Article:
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Building and Formalizing a Career Ladder in a Startup

Career Path

13 March, 2021

Vladimir Baranov
Vladimir Baranov

CIO/COO at Scout Inc

Vladimir Baranov, CTO at AdvisorEngine Inc., shares how to build a career ladder in a startup emphasizing the difference between a career ladder in a startup and a large company.

Problem

Most engineers dream of continuously growing and expanding their skills and competencies, but not always do they know how to. Small startups typically lack career ladders which curtail their growth. While essential -- due to the small size of their teams -- startups shouldn’t consider formalizing their career ladders if they have less than 30 employees. Furthermore, replicating models developed by larger companies is rarely helpful because they are tailored to meet the needs of bigger teams and because, in most cases, they add too much overhead. Not everyone is destined to be a manager, but it is usually perceived that is the only way to grow.

Actions taken

I have strongly borrowed examples of career management from Buffer Career Framework -- https://buffer.com/resources/career-framework/. The initial goal of the career conversation is to figure out which way the individual would like to go forward and if they prefer to pursue a manager or an individual contributor path. It is difficult to wear both hats, and you have to help your employee choose the one most fitting to their aspirations. With ICs, my approach is pretty straightforward; I would identify the skill set a person lacks and then line up appropriate training and track their improvement along that track. If necessary, I would align salary or bonus expectations along with the growth curve to make sure that there is an incentive for them to continue progressing. Needless to say, the expectations should be aligned with the business value creation.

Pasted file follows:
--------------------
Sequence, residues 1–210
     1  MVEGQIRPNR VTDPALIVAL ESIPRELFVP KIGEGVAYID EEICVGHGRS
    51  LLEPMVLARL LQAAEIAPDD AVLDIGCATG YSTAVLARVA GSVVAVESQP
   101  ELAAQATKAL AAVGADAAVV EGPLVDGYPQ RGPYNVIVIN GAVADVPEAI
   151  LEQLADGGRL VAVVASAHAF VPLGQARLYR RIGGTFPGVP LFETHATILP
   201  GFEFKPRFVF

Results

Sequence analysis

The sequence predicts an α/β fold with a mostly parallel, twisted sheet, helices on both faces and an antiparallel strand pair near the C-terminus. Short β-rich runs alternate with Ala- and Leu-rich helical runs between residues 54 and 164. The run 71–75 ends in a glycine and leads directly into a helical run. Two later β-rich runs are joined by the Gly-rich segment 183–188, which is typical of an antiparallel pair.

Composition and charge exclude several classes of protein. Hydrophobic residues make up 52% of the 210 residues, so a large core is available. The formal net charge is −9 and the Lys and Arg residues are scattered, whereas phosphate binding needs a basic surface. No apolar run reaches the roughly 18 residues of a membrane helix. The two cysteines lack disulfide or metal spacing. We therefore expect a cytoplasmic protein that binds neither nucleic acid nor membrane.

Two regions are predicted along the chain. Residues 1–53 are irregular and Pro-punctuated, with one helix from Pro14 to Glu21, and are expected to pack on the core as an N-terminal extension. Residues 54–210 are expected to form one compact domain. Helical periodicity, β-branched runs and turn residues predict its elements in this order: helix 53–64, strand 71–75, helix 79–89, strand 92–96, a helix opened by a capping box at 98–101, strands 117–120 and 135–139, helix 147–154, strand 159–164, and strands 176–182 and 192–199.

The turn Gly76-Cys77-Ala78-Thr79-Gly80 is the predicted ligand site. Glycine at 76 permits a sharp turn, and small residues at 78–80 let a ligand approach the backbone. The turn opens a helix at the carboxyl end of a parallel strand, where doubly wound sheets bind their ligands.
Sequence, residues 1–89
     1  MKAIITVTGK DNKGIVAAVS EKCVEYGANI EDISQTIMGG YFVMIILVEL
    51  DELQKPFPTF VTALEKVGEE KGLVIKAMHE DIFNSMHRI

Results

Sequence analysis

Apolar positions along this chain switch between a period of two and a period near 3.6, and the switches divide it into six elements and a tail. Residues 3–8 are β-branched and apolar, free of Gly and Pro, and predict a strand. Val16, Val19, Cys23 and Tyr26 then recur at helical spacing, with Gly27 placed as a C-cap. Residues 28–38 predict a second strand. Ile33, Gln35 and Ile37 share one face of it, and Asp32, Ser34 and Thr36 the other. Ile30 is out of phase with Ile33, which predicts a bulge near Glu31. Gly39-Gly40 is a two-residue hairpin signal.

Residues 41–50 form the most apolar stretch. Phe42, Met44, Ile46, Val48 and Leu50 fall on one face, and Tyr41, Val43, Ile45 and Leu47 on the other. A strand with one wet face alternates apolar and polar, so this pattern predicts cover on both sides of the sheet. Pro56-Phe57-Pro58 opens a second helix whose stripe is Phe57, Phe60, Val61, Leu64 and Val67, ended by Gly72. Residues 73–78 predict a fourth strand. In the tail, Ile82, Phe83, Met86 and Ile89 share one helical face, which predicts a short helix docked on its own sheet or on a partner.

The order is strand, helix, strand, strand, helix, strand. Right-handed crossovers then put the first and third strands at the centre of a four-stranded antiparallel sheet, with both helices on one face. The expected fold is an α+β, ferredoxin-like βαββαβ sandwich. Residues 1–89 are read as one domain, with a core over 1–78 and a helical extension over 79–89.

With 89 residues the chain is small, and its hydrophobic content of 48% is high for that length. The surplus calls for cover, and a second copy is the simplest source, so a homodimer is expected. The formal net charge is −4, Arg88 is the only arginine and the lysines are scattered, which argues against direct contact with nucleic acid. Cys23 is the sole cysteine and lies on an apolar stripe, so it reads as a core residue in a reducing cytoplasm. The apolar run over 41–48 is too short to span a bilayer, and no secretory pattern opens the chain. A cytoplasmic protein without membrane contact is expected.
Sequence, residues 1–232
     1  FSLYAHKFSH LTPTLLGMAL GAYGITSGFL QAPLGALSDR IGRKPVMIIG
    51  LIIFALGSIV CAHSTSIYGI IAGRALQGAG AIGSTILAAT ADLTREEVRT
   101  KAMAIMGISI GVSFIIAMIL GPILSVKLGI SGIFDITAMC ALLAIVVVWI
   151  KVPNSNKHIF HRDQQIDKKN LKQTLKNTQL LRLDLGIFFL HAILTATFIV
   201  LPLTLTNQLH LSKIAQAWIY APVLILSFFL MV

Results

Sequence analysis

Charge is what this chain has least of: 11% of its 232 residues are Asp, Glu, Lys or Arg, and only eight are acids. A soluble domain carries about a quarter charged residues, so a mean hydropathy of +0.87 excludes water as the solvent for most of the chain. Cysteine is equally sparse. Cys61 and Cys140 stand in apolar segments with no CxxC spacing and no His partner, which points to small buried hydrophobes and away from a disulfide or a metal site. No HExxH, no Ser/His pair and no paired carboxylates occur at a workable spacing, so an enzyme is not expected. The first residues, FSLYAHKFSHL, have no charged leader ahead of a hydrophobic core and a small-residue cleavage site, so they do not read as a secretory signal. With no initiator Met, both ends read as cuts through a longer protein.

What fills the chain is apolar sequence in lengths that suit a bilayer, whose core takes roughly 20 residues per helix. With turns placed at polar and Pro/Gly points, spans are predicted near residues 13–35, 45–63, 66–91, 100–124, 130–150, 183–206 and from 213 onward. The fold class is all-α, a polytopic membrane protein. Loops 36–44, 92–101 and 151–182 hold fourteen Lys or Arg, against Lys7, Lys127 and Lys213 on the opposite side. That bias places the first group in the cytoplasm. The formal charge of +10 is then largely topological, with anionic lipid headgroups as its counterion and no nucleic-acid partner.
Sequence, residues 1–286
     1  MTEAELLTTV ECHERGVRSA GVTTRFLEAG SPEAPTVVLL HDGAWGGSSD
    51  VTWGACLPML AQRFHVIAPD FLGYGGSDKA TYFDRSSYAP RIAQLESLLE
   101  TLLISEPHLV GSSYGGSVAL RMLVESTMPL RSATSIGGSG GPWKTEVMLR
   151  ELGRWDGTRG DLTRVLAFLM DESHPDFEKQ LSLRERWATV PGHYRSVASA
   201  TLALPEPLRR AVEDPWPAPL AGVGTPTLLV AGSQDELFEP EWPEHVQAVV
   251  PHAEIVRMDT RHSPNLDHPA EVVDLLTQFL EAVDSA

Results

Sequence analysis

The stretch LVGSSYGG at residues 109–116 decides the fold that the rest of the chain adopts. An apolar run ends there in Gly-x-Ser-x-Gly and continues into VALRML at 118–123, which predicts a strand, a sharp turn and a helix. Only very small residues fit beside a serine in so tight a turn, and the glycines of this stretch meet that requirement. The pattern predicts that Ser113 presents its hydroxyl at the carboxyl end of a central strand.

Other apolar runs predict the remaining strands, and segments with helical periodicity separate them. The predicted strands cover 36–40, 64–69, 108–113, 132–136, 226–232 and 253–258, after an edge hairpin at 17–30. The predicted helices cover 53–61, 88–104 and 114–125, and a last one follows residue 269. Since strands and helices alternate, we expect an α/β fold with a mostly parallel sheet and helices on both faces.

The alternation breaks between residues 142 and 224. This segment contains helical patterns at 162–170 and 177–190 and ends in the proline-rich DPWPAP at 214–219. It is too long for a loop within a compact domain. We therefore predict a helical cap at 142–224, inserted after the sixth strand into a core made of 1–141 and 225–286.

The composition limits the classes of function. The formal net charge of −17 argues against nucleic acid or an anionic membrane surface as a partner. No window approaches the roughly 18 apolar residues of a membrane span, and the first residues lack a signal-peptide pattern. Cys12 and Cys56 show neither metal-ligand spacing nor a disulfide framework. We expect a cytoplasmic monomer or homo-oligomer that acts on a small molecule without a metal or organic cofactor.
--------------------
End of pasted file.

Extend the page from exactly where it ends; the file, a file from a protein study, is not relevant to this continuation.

With the management track, it is a bit more difficult given the smaller number of engineers on startup teams. But progress is still possible, and they should be able to acquire the skill set that would allow them to transition to a manager role. In order to lead others, one has to start leading themselves. As a manager, you can line up function, task, client, and project management responsibilities for an engineer to master before taking on human management. It is highly advisable for both tracks to line up an inventory of soft skills and training courses that would help organize and structure your employee’s progress. Clear communication and empathy-driven leadership are key skills that the general engineering population lacks and which would have the most decisive impact on the cohesion and productivity of the teams they would be managing.

Lessons learned

  • Every person is an individual and requires an individual approach. It takes a good amount of time to understand how a person works before, as a manager, you can start assigning them growth training. Training has to walk a fine line with what engineers want to learn and what benefits the business and your team overall.
  • When training fails, or you realize that the person is not a good fit for the position, be prepared to let them go. Not everyone can be trained to fit your needs for that position.

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